In this day and age there are literally hundreds of professions a person could choose to participate in. However, there are few professions that can provide the excitement experienced in the area of meteorology, in particular, that of field meteorology which is also called storm chasing. For more than fifty years, storm chasers have been the first line of defense against deadly tornadoes and hurricanes. Chasers provide critical information about the storms; It is this information that has helped to save countless lives over the years. I am one of the lucky few that has gotten to experience storm chasing first hand. I have spent two summers chasing tornadoes with my uncle.
My uncle is a meteorologist employed by the National Severe Storms Laboratory in Norman, Oklahoma. He has spent almost every summer for the past fifteen years chasing tornadoes and braving the winds of hurricanes. My uncle does this to provide information that will hopefully save lives. During my experience in storm chasing I have learned quite a bit. For example, there are many misconceptions about storm chasing. For the most part, these misconceptions come from movies such as "Twister." While these movies are very exciting, they also distort reality.
Chasers never, under any circumstances, race along side a tornado or intentionally get within the path of a tornado. Also, chasers are never happy to see a tornado form. Tornadoes are among the most violent natural phenomena on earth and they kill a countless number of people every year. Of course, when it comes to scientific or historical accuracy, Hollywood has never pretended to be faithful. While the primary task of a storm chaser is to chase storms, they must also work to analyze their findings. It is only through analy zation and research that we can better hope to understand these thoroughly unpredictable storms.
Storm chasers also must have a basic understanding of photography. Documenting these massive storms is one of the most important parts of chasing. Often the pictures or video is sent directly to local television stations in order to better warn the people in the path of the storm. After the pictures and video have been studied, they are copied and sold to various networks. This is one of the chief sources of income for most non-agency based storm chasers. Why chase tornadoes? This question is frequently asked of storm chasers.
It is not a question that can be answered while waiting for an elevator or in small conversation at a cocktail party. It to ches many levels and requires time to answer. If my experiences are characteristic of other chasers, there are at least four levels that relate to the storm. First is the sheer, raw experience of confronting a force of nature. It is a force that is uncontrollable and unpredictable. However, at the same time it is magnificent, awesome, and picturesque.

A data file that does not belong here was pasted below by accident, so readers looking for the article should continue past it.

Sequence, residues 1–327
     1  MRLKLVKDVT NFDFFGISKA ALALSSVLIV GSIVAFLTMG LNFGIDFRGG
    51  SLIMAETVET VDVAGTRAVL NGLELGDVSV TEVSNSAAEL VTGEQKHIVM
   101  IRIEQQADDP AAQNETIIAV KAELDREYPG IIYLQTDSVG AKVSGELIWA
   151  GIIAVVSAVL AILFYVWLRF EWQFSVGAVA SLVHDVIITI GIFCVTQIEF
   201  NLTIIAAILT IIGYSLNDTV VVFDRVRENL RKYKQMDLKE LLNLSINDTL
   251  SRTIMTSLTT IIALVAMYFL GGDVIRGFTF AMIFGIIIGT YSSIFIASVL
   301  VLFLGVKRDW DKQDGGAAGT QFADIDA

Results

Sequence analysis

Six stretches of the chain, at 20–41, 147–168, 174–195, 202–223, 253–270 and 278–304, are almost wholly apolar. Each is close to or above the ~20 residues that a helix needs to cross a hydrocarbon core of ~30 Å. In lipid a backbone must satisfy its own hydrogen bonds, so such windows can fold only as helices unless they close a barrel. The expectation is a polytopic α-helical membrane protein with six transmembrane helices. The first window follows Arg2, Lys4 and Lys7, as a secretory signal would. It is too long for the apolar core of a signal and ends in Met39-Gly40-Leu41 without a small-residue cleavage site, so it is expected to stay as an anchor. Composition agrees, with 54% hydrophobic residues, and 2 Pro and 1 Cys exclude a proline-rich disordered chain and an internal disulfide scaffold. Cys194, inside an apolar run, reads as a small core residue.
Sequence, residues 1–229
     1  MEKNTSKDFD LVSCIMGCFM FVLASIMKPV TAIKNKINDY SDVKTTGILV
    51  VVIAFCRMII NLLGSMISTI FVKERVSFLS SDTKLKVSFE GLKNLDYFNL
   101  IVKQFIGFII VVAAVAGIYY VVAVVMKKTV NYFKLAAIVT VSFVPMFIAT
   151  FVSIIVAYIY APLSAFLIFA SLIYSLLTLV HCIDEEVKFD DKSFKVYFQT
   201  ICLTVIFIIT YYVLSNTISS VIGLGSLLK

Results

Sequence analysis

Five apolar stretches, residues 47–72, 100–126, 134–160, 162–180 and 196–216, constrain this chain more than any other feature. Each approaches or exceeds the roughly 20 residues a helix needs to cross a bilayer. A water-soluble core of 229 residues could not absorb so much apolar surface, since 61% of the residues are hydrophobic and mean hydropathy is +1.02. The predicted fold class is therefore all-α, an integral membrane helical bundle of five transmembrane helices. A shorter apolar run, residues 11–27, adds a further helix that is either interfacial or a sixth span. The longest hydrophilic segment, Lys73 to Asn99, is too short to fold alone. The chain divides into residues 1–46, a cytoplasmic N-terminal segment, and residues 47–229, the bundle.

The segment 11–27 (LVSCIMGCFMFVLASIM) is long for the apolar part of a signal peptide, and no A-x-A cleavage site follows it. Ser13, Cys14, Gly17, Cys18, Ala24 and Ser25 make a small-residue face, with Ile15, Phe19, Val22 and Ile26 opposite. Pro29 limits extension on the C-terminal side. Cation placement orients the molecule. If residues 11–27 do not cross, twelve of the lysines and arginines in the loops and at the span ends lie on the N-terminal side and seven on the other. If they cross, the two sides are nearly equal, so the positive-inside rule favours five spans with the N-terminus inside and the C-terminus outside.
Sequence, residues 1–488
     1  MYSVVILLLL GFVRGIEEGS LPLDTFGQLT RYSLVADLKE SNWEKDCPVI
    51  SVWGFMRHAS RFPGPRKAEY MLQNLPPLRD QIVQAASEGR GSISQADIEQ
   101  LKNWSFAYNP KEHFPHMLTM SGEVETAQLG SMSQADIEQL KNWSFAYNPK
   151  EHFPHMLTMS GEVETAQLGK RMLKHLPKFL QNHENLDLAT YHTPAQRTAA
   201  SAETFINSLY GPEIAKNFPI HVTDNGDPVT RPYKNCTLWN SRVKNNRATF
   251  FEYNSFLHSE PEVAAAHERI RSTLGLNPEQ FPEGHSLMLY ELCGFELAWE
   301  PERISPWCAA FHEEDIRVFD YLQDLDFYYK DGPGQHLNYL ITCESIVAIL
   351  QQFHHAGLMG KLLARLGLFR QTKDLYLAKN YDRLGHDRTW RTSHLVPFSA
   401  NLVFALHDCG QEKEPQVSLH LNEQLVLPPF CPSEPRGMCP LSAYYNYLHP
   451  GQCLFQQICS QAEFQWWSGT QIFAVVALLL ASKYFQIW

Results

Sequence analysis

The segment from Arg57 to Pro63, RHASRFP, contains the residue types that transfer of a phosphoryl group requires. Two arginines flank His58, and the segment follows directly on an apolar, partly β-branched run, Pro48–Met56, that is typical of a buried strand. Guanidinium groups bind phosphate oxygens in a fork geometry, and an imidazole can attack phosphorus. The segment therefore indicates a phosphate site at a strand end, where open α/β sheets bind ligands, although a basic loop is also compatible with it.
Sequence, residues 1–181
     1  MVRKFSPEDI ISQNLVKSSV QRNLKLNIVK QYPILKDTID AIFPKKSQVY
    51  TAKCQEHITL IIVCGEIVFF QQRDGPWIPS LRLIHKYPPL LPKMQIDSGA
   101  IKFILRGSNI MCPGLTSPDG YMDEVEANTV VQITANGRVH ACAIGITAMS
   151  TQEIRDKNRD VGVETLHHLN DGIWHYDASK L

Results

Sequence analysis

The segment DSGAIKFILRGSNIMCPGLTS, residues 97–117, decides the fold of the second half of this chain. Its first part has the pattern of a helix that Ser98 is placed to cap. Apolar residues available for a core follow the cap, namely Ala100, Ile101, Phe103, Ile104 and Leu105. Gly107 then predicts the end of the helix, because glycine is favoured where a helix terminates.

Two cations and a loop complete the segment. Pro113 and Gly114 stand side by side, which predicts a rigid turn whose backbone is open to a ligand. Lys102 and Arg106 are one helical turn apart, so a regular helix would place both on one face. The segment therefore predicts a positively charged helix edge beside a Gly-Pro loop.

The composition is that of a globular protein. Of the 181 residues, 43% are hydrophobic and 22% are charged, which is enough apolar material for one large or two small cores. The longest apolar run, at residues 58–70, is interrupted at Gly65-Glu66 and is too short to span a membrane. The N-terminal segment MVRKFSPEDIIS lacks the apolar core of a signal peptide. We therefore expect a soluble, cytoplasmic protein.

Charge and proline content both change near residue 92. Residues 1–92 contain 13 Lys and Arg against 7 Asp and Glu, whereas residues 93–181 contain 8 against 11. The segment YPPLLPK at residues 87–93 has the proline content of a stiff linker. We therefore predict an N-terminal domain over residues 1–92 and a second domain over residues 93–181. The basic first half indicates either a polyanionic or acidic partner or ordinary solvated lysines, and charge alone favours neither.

Few life experiences can compare to the anticipation felt while watching a tornado form. The gusty inflow of warm, moist air sweeping up into a lowering, darkening funnel, and the low grumbling of thunder as a great engine begins to turn creates an almost surreal surrounding. Second is the challenge of locating and forecasting where these deadly storms may occur. Even though there is state of the art technology at work, a chaser almost always rely's upon personal experience and intuit on to guide them. Every day is a new puzzle, completely different from the day before, the week before, or the year before. There is no textbook for what chasers do.
Even the most experienced meteorologist eventually get one wrong. Third is the sense of participation in a great event that comes with experiencing a tornado first hand. The knowledge of the storm itself provides for some of the excitement. To know of the winds that stream over and through the towering thunderheads from their source in the jet stream makes the chaser almost become part of the storm itself. Fourth is an associative level. With each spring and each new storm, memories of other storms and of other places begin to surface.
The memories and exhilaration of seeing your first tornado makes it seem as if you haven't aged at all. The first hand experience of storm chasing makes it seem as if time is standing still and that nothing exists except for you and this monster of nature. I can only describe storm chasing as the chance to experience something infinite. The sense of power and the scale of the storm overwhelms the senses. This gives you the feeling of something eternal and at the same time of something ethereal. Such as when a fifty-thousand foot wall of clouds glides gently away and goes golden in a setting sun.
One can only pause and look in wonder at what God has created.